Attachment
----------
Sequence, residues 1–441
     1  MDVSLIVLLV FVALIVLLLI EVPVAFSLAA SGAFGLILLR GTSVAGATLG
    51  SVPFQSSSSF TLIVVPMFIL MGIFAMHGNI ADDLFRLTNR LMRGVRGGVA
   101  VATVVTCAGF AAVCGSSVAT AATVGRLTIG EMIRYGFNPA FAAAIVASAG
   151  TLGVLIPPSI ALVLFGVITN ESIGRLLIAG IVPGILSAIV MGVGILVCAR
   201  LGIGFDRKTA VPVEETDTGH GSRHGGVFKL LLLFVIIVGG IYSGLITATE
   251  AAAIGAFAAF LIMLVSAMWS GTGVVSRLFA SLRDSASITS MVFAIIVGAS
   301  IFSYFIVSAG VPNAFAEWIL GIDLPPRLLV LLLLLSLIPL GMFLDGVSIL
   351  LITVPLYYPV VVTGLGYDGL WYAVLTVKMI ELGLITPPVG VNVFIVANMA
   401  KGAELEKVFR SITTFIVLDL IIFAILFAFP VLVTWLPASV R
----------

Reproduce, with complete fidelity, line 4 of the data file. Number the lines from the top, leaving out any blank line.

   101  VATVVTCAGF AAVCGSSVAT AATVGRLTIG EMIRYGFNPA FAAAIVASAG